When a tiny hole was discovered inside a spacecraft attached to the International Space Station (ISS) last Wednesday, U.S. and Russian authorities initially suspected a micrometeoroid strike. More than 170 million pieces of space debris circle in the earth's orbit and a collision with the ISS appeared to be inevitable.
The hole, about two millimetres in diameter, caused a drop in air pressure at the station and was temporarily repaired using tape and sealant by two crew members.
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Russian space agency director Dmitri Rogozin said it was caused by a drill, not a meteorite.
US-Russia cooperation in space is one of the few remaining areas untouched by Washington's sanctions against Moscow.
The leak was never a serious danger to astronauts now aboard the space station, NASA statements confirmed.
Investigators did not specify whether they believed the hole was drilled on Earth or in space, but Russia's Roscosmos space agency did not exclude the possibility of sabotage. "The one about a meteorite impact has been rejected because the spaceship's hull was evidently impacted from inside", Rogozin said according to the TASS report.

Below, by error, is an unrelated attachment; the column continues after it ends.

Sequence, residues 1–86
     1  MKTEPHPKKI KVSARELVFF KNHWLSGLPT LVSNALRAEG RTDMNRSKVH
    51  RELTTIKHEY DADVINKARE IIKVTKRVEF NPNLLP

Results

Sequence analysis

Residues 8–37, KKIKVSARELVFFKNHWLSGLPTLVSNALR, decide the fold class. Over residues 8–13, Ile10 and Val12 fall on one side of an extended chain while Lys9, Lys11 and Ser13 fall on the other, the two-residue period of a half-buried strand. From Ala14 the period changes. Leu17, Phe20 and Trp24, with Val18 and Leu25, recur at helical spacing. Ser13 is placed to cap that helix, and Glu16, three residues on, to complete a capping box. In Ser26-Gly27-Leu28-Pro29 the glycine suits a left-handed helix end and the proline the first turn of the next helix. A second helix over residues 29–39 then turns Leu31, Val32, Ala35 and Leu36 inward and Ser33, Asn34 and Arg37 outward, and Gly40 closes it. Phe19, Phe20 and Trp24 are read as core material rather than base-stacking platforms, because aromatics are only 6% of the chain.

The leaking Soyuz - one of two now docked - arrived at the orbiting lab in June with three astronauts.
The scariest part is that Russian Federation is not even ruling out the possibility that the hole could have been made before the capsule was used to transport astronauts from earth.
Dmitry Rogozin, the head of the Roscosmos space agency, commented, "There were several attempts at drilling".
Saint-Jacques made the comment during a news conference at the Johnson Space Center in Houston where he discussed his upcoming six-month visit to the space station. The capsule is supposed to bring the ISS astronauts back to earth in December, and it is fortunate engineers found the hole now, considering it could have proved fatal later. He admitted that the hole might have occurred because of a Russian production mistake, allowing, "I wish to God that this is a production defect, although that's very sad, too - there's been nothing like this in the history of Soyuz ships". Russian Federation said it was checking its spacecraft units now in construction for similar defects.
"We are confident they will identify the cause of the leak", Stephanie Schierholz said in an email.